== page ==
Dynamic celestial events such as these provide a natural way to conduct active experiments in ionospheric and thermosphere physics on a planetary scale in a way that is nearly impossible to reproduce using systems of human origin. Haystack’s Atmospheric and Geospace Sciences group is actively pursuing studies of these events to increase our knowledge of the entire atmospheric system and its variations.
A solar flare injects a sudden and strong energy input to the sunlit upper atmosphere at a range of radiation wavelengths that are important for both ionospheric photochemistry and thermospheric dynamics. Impulsive energy inputs from flares are well known to generate sudden ionospheric density enhancements with subsequent quick time decay. Recent Haystack-led studies of solar flare response have provided direct observations that point to a previously unconfirmed set of ionospheric oscillation and traveling disturbance mechanisms associated with solar flare impacts near the sunrise terminator. Millstone Hill incoherent scatter radar measurements of ionospheric variations as a function of altitude during solar flare events provided key ionospheric plasma parameter state information that revealed significant ionospheric expansion/up-welling at the flare peak, as mass and energy were redistributed. These redistributions form an important part of space science community understanding of space weather and its impacts.
Solar eclipses provide a very different but equally fascinating transient ionospheric disturbance, with the moon’s shadow causing a large reduction in atmospheric energy input. In general, due to solar system orbital geometry, Earth experiences one or two total or partial eclipses per year at different locations and with different durations, forming a range of unique experiments. A key feature of eclipse events lies in the shadow’s supersonic motion compared to the normal sound speed set by pre-eclipse conditions in the background ionosphere. This supersonic feature has long been theoretically expected to generate atmospheric bow waves, similar to those provided in water by a fast-moving river boat. During the August 2017 eclipse over North America, we found the first unambiguous experimental evidence of these bow-shaped traveling ionospheric disturbances in a spectacular series of wave signatures that traversed over central/eastern US for about an hour, emanating from and subsequently tailing the eclipse totality region with a significant 280 m/s phase speed.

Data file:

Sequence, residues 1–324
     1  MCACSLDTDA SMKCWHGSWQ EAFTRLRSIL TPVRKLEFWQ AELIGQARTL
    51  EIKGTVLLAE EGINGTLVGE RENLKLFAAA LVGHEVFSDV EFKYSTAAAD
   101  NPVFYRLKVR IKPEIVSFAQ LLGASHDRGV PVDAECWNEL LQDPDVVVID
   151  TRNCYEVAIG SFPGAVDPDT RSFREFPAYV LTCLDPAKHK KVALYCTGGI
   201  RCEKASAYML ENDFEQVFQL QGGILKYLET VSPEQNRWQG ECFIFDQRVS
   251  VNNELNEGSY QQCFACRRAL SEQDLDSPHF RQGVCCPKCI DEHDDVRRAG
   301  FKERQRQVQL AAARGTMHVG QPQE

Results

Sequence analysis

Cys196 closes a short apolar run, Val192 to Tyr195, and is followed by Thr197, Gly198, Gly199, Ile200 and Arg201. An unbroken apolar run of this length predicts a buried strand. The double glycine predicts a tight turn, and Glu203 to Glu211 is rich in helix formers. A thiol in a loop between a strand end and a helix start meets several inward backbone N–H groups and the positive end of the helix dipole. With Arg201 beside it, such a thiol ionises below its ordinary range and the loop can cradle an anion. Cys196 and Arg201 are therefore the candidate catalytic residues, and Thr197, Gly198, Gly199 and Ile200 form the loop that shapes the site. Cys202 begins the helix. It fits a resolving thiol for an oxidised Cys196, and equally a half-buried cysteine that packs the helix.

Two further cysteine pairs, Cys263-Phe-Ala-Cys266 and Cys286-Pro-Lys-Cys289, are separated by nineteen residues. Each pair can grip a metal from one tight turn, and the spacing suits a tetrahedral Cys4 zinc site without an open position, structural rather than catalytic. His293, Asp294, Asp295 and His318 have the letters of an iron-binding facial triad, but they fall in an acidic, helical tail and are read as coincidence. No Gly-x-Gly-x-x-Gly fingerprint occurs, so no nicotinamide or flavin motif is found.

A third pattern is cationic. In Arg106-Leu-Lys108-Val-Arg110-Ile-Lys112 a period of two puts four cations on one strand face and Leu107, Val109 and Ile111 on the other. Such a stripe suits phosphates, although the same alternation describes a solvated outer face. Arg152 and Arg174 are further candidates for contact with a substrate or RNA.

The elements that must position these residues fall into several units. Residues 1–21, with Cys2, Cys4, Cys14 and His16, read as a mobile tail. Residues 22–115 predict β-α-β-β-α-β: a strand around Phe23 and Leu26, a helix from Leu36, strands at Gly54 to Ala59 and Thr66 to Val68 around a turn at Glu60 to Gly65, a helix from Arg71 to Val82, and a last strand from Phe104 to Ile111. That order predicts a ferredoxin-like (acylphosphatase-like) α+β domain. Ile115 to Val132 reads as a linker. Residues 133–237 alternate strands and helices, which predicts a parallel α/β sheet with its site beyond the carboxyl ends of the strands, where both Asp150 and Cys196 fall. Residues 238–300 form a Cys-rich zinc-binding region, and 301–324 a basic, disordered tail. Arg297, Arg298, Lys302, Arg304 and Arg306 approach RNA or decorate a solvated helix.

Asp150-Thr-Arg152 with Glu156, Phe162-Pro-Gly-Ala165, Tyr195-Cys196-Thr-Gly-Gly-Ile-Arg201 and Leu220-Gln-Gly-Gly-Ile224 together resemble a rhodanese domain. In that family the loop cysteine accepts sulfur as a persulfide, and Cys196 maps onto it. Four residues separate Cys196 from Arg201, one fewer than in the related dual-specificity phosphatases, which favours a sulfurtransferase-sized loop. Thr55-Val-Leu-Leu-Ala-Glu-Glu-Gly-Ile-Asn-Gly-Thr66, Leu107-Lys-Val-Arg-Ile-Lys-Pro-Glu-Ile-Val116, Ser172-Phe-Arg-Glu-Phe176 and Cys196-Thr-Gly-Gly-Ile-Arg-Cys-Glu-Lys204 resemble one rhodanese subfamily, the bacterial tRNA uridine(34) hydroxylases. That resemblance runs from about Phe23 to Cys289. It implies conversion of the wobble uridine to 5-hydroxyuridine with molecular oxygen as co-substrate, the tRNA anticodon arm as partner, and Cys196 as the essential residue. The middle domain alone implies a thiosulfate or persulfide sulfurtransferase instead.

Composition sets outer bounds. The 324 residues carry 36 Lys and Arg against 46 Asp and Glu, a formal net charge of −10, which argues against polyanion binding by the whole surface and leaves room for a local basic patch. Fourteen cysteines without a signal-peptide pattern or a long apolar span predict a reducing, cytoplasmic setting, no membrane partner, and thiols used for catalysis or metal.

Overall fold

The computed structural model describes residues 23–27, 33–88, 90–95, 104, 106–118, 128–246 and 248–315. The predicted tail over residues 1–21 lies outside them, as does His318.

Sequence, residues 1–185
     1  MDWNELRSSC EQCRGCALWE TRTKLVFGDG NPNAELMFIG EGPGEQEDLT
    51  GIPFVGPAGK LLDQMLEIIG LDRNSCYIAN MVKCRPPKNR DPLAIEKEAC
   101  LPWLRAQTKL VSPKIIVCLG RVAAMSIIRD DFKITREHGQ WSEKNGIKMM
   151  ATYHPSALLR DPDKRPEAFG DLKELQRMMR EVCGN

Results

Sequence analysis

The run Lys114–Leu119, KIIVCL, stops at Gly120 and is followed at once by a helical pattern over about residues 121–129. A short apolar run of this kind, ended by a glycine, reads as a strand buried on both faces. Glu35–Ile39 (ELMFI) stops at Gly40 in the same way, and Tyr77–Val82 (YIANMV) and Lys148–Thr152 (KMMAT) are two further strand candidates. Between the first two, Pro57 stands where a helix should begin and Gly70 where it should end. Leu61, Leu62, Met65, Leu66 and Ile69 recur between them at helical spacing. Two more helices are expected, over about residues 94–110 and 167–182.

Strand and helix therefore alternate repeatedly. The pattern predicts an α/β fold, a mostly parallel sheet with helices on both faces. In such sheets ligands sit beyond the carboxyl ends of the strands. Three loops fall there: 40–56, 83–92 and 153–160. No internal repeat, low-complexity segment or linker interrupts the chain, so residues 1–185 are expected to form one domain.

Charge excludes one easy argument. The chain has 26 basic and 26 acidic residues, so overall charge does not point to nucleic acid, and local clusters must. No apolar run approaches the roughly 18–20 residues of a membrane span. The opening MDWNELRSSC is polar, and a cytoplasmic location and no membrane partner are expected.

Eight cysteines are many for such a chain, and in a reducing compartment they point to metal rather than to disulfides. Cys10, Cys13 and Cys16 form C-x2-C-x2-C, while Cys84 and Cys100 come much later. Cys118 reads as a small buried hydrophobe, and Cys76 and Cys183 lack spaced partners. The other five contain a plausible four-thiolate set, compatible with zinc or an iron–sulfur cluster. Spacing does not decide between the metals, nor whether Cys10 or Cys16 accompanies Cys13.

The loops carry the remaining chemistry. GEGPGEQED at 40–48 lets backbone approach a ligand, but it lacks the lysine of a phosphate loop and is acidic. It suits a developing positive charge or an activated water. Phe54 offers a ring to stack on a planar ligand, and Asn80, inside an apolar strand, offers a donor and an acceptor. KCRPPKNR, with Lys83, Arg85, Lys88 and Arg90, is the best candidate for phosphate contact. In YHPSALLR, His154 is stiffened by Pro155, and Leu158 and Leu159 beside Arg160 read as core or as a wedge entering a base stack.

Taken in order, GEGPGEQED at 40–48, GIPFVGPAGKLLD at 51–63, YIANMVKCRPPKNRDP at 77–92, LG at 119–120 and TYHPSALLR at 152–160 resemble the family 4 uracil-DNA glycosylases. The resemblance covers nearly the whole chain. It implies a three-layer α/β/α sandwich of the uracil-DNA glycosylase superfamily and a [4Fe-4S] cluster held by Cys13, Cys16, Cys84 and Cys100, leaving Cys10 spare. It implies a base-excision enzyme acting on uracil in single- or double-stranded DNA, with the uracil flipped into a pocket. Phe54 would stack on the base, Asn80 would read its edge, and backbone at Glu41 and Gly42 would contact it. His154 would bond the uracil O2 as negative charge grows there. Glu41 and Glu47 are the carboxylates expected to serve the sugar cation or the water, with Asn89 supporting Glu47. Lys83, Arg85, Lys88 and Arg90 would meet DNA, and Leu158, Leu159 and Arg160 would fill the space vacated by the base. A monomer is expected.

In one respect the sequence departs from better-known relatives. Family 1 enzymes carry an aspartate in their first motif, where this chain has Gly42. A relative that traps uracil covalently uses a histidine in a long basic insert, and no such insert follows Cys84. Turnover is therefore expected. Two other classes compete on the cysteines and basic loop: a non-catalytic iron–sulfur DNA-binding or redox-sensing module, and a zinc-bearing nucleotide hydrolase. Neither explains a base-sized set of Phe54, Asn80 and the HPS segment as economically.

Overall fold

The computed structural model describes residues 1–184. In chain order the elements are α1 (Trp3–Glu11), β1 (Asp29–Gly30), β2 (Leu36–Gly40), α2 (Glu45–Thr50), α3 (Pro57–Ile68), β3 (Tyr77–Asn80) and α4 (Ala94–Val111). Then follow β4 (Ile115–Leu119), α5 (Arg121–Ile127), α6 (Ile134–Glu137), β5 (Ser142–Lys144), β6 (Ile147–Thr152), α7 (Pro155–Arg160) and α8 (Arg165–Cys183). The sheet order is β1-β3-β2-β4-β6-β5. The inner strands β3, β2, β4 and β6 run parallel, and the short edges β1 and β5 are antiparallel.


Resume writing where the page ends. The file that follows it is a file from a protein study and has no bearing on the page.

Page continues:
Ionospheric Climatology and Long-Term Changes
Upper atmospheric climatology, long-term trends, and lower atmospheric influences form the core background knowledge of slower time processes in both the ionosphere and neutral thermosphere. Understanding these climatologies is crucial to studies of ionosphere trends over years to decades, along with seasonal influences and their sources in first-principles physical mechanisms. This understanding is also very important to the study of space weather, upper atmospheric tides, planetary waves, and other phenomena which depend on an accurate subtraction of long-time climate in order to reveal dynamics and wave action.
Core Haystack geospace research in this area includes several subjects:
- Ionospheric perturbations caused by tight coupling to meteorological/atmospheric processes including tidal motions, traveling atmospheric disturbances, neutral atmosphere composition changes, and multi-day planetary waves.
- Ionospheric empirical models, providing climatology and unlocking studies of the fundamental chemistry and physics of the whole atmosphere system.
- Long-term trends in the upper atmosphere. The Millstone Hill incoherent scatter radar provides a unique capability for direct long-term monitoring of the thermal status of the upper atmosphere. Studies have identified a long-term cooling trend in the ionosphere that grows in strength with height above 200km. The increasing anthropogenic greenhouse gas concentration that has led to global warming in the surface temperature contributes to this trend. However, we are in the process of identifying additional sources for the cooling, such as secular changes in Earth’s background magnetic field.
Haystack scientists and engineers use radar (originally an acronym for radio detection and ranging), a system that uses radio waves to determine information about objects. Radar is essential to measure various aspects of our atmosphere. The observatory uses this technology in a number of different ways to understand our environment.
AERO-VISTA CubeSat mission
A NASA twin CubeSat mission for auroral radio science and space interferometry technology.
Zephyr Meteor Radar Network
A novel multiple-input/multiple-output (MIMO) radar network designed to estimate the 3D wind field in the upper atmosphere by way of meteor trail scattering.